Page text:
John Proctor’s confession to lechery is a key moment in the play. It signifies his decision to not belong to the court, and instead t o show loyalty to Elizabeth and his marriage. His character through the course of the act moves through emotions of outrage, despair, shame and uneasiness and delivers his confession with fragility, working with Miller’s stage directions- “his voice about to break and his shame great”- but speaking with force and power at the same time. All else on stage are silent while Proctor ‘holds the spotlight’ to further illuminate the significance of his short-lived monologue. Marry Warren’s character is automatically related to by the audience as a shy, outspoken and a very insecure character- this is achieved through her tentative and quiet voice.
The dimension between the two characters create and showcase personal and social tensions throughout the play by utilising comedic and serious anecdotes, with dialogue and theatrical techniques. The play has other characters that are crucial to the main character such as Ben and Martin, but focuses primarily on the unlikely duo and their path of friendship. As a result of the also non-linear narrative which is presented in two acts, from a staging perspective, it is a challenging piece due to the sporadic changes in time and location. However through the use of sound, lighting and props, the personal and social tensions between the characters can be expressed on stage. The individual experiences explored in Neighbourhood Watch include a variety of theatrical techniques and utilises performance styles, whilst incorporating animal symbolism as a motif.
In the play 'A Streetcar Named Desire' there are many areas in the play that leads us to the utmost dramatic scene; it is a set up for the bitter conclusion that makes this the dramatic high point of the play. Tennessee Williams exploits instances of plastic theatre, language and Stanley's constant fight for dominance as the alpha male for attention all build up to Blanche ending up shattered in the end of scene 10. Since Blanche had arrived in Stanley’s home it had been a continuous battle against Blanche, who adheres to the old South's customs where wealth had a big impact and Stanley whom is from a more modern time didn’t affect them as much. It is the dramatic high point of the play because it is the point of the play where Blanche is pushed to the limit in her mental state. What’s dramatic is that Stanley doesn’t take Blanche’s mental state into consideration saying, "Let's have some rough house!"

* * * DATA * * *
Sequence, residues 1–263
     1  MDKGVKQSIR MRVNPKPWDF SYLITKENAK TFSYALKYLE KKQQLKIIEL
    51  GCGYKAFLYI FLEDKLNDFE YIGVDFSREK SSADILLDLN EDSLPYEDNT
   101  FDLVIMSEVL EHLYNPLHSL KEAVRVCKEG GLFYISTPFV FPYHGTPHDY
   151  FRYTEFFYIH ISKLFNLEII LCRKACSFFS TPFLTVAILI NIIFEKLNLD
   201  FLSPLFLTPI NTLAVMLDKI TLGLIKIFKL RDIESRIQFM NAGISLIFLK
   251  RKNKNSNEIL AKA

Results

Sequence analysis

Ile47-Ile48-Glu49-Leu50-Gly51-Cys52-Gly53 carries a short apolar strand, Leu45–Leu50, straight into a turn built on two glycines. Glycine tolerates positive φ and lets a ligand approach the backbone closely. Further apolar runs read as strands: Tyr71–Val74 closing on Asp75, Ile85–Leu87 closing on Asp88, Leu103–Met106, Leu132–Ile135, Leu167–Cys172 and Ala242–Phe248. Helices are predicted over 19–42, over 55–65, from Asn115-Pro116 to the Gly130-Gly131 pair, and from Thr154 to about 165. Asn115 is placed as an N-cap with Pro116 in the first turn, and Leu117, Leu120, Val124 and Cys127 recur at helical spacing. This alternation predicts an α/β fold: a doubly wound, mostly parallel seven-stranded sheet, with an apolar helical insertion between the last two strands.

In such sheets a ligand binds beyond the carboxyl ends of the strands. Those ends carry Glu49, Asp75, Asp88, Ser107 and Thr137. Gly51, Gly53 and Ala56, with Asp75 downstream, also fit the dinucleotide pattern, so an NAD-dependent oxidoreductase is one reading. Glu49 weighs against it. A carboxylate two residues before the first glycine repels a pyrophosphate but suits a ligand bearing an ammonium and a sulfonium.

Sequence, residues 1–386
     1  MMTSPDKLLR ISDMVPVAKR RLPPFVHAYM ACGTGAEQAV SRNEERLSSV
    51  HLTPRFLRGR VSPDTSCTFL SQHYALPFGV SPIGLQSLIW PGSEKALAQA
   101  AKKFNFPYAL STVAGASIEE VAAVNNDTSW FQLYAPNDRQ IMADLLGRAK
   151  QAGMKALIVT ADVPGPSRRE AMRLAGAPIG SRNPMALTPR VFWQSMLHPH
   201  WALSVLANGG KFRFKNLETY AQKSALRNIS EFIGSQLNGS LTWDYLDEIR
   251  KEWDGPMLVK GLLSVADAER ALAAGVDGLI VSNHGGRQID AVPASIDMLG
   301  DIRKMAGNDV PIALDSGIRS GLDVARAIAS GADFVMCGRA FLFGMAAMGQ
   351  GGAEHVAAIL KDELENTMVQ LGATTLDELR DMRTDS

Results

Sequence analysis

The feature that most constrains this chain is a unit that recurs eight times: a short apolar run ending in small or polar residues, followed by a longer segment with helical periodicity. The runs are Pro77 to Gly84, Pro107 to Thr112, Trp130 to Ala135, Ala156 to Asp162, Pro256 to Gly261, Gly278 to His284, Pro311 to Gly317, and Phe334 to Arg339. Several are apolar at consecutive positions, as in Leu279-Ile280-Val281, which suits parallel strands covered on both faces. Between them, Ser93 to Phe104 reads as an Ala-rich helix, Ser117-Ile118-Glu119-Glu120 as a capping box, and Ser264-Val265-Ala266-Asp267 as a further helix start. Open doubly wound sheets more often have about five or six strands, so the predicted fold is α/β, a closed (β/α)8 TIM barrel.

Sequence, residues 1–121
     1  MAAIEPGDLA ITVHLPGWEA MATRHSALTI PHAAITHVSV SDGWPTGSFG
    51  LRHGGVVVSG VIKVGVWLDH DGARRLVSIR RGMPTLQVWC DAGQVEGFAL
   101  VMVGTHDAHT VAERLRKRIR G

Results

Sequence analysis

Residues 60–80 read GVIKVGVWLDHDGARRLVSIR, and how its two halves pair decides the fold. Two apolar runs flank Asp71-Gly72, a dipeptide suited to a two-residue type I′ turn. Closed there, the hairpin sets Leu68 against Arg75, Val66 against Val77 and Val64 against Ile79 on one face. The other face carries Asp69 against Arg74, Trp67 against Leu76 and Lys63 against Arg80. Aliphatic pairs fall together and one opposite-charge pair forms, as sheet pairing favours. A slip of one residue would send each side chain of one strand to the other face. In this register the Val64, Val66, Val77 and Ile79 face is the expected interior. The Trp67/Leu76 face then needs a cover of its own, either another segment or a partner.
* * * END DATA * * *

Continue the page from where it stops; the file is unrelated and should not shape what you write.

Firstly, ambition is a major internal conflicted … within Macbeth. In the beginning scenes of the play we see this through “stars hide your fires, let not light see my black and deep desires”. This effective rhyming scheme is further developed by the dramatic “aside” in the play. It is effective because it shows the beginning of Macbeths ambition as he asks for his deeds to be covered in darkness. The conflict of ambition is also shown in “I have no spur to prick the sides of my intent, but only ......
Close study of a successful play reveals how the dramatist cleverly integrates dramatic techniques, structure and ideas. To what extent does this statement reflect your response to Cosi? The close study of the play Cosi, by Louis Nowra uses a play within a play to cleverly emphasise dramatic techniques, structure and ideas. The use of literary and visual techniques as well as stage directions emphasises these dramatic techniques, ideas and structure. Doing things for self-respect greatly outweighs doing things for material goods and doing so can change ones strength and courage to complete a challenge.
A crucible is a pot this is designed to melt metals at extremely high temperatures and separate impurities from the pure. This is also true of the events of the play. Salem strongly believed that the devil had infiltrated their community through human agents and needed to be purified or destroyed. As the play develops we discover the irony of the title. Miller is not suggesting that these trials separated the pure from the impure or evil, but if fact created them by punishing the innocent.
In another way of interpretation, life brings us opportunities and creates obstacles in order to challenge us to get contact with our world, specifically, is getting to know people and our community that we associate with. This idea is explored through a collection of poetry “Immigrant Chronicles” by Peter Skrzynecki, a play named “Educating Rita” by Willy
Elizabeth is a very honourable person, however that all changes when she lies to the court. She has let herself down by doing this and hasn’t been completely true to herself. She knew she should tell the truth in court, but she still lied to save her husband. Hale is a very honourable person, however he has a moral uncertainty
She goes against Creon to stay true to herself and her own family, and by that decision, her fate was sealed. Antigone’s proud soul shines through when she is confronted for the crime and comes clean without hesitation. She is not ashamed for her acts because she believes it was the correct response to the situation. Antigone not only defies Creon's edict, but also makes a mockery of it when he asks her about it. When asked if she knows the law, her exclamation is, "It was public.
How is your personal response to Hamlet shaped by interactions between characters throughout the play? My understanding of Hamlet has been greatly shaped by the interactions of the various characters in the play. Shakespeare in Hamlet provides the responder with various insights into his characters primarily through their relationship with Hamlet. These characters serve as vehicles for the essential concerns of humanity thus contributing to the textual integrity of the play. What is equally as important is how this has been achieved through Shakespeare’s command of various dramatic and language techniques.